This year, my brother revealed his secret tattoo collage to my parents.
He decided that he wanted to devote his entire right leg to classic horror movie monsters. The project isn’t quite finished, but as of right now the Creature from the Black Lagoon, a werewolf and Frankenstein’s monster take life under his skin. In my personal opinion, they are beautifully done and represent something he loves.
My parents are not entirely fond of the tattoos (and by “not entirely fond” I mean “hates them with a fiery passion”). They of course gave the “well, when it’s hard to get a job don’t say we didn’t tell you so” and the “you’ll have to live with those monsters for the rest of your life” speeches. But, are these arguments as valid as they once were?
Tattoo culture has evolved a lot over the past three decades. It’s moved out of the seedy, dimly-lit tattoo parlors to “tattoo art studios” that service a mainstream culture. The equipment and sanitization process are at much higher standards. For many, tattooing is seen as less of a rebellion and more of a way of self-expression. There are even reality television shows that are central around popular tattoo parlors.
Becoming a tattoo artist is a growing and being recognized as a legitimate profession. The tattoo business is the sixth fastest growing business in America. Whether you like it or not, it is apparent that the tattoo trend might not be going anywhere for a quite some time.
So many people have tattoos and not just the tattoo-stereotypes anymore. The single fastest growing demographic that are getting tattoos are middle-aged women. New research has found that around 23 percent of college students have one to three tattoos, 51 percent have piercings other than ears and 36 percent in the 18- to 29-year-old bracket have tattoos.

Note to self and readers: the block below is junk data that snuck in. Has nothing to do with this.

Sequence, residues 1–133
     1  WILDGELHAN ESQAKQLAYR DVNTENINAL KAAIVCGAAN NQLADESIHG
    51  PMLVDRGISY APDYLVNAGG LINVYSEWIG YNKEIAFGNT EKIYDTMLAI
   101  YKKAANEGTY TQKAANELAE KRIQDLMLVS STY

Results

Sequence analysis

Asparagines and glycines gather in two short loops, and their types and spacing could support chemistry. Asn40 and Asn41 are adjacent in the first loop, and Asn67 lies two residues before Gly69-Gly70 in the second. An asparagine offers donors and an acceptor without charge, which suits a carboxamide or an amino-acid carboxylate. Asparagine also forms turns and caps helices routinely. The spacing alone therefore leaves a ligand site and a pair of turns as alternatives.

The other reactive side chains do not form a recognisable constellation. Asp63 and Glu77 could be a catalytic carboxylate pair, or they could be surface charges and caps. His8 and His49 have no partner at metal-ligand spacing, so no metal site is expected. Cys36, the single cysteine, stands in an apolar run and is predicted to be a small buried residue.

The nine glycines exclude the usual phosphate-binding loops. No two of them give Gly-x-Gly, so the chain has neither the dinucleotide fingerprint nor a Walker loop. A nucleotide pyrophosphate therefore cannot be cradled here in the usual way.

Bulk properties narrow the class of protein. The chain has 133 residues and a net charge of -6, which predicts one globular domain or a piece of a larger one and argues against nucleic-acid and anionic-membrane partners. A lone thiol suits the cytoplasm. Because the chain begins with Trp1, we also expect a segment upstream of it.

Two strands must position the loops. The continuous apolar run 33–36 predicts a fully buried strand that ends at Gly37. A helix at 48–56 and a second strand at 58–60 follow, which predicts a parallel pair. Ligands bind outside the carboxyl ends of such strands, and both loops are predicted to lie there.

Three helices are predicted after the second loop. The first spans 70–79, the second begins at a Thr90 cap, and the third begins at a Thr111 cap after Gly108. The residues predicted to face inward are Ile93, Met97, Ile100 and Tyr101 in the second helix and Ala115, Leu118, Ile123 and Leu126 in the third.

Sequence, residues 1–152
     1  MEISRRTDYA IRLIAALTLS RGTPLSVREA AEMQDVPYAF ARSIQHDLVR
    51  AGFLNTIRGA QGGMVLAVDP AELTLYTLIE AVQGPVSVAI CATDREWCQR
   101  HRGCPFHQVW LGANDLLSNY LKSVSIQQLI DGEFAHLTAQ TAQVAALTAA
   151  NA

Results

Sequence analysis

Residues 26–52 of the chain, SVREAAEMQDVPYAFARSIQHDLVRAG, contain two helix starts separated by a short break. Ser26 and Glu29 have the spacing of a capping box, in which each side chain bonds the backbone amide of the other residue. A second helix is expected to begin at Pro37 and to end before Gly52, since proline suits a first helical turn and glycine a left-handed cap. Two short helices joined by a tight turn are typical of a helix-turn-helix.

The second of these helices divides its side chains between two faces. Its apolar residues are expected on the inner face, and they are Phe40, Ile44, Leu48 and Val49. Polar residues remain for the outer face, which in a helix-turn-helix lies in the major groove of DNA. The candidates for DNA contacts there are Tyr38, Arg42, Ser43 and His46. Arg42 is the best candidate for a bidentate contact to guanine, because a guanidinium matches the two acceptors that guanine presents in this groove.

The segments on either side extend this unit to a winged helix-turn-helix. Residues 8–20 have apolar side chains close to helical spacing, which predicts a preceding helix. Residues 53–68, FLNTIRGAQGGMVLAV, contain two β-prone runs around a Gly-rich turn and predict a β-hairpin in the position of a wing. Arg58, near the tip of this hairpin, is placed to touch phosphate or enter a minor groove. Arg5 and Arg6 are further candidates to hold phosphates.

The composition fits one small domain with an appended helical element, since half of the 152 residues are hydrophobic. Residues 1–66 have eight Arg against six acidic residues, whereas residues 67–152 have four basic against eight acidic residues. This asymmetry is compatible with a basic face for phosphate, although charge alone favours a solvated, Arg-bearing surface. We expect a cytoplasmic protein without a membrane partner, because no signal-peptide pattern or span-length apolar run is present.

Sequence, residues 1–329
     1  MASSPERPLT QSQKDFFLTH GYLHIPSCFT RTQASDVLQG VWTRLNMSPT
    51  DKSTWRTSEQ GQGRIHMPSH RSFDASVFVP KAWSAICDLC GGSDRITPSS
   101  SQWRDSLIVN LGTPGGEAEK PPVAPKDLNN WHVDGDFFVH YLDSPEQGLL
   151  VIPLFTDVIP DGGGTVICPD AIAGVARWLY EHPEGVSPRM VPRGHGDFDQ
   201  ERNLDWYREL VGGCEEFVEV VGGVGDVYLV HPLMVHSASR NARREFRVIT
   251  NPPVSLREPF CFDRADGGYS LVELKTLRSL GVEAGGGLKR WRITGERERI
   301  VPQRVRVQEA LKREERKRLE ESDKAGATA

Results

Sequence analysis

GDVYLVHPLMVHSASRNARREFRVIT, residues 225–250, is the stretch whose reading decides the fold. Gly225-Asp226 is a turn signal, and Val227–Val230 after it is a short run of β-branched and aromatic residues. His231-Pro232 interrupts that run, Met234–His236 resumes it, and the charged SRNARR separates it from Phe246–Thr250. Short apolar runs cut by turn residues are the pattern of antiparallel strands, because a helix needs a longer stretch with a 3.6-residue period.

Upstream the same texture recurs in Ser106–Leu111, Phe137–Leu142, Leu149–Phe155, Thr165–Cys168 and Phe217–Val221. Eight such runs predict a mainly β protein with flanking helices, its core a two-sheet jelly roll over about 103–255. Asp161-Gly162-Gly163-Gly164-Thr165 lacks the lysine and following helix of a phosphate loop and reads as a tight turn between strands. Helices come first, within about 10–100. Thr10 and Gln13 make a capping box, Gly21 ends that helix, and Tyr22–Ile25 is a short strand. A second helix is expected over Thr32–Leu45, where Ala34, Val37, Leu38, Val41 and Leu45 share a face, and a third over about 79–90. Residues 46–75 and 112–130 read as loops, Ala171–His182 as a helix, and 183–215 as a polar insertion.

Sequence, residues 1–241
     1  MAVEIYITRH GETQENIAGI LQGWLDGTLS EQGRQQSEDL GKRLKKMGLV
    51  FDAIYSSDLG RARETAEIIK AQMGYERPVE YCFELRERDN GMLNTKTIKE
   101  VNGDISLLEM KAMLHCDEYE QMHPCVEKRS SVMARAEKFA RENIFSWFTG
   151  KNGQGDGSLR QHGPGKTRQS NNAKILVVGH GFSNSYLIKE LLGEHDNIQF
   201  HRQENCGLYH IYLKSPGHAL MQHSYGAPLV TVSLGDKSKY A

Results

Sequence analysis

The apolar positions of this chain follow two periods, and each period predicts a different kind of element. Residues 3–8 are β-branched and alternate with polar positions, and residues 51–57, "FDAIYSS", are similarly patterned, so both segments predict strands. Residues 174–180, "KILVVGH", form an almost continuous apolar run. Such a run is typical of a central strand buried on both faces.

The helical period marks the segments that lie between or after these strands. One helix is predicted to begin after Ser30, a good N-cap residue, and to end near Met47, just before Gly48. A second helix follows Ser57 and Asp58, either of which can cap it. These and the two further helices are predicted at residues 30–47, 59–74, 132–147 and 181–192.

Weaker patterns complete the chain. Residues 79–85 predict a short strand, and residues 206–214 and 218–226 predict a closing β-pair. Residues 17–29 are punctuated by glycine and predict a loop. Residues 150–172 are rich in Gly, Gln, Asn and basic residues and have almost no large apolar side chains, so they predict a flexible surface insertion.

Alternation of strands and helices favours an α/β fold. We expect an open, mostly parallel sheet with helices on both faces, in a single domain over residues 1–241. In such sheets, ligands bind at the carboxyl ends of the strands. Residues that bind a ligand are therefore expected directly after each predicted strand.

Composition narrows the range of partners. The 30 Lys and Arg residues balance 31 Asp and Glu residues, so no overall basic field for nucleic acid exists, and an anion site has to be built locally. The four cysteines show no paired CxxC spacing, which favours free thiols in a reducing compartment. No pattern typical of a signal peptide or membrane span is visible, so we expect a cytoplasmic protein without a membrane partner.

Personally, I know friends with professional jobs, coworkers and professors with tattoos. Many (but not all) professional workplace environments have relaxed their body art standards from the past.
By today’s standards, my brother’s tattoos might not be as big of a hindrance to finding a job as my parents think it will be. Even if it does become an issue, there are lines of cosmetics designed to cover-up tattoos for professional settings. Also, pants. Pants won’t cover up everyone’s tattoos though.
These facts are encouraging to those who choose to express themselves through tattoo art. It seems silly to turn down qualified applicants just because they have body art. But, this doesn’t mean that college students shouldn’t do a little bit of homework on their predicted career field. Finding out dress code standards in the industry you’re going into is a good idea before you get a tattoo.
Of course, the other argument is the “you will regret them when you’re older” bit. Tattoo removal isn’t new, and hopefully the pants thing will still be valid when my brother is 50 years old. Most likely, though, he actually won’t worry about it too much when he’s older.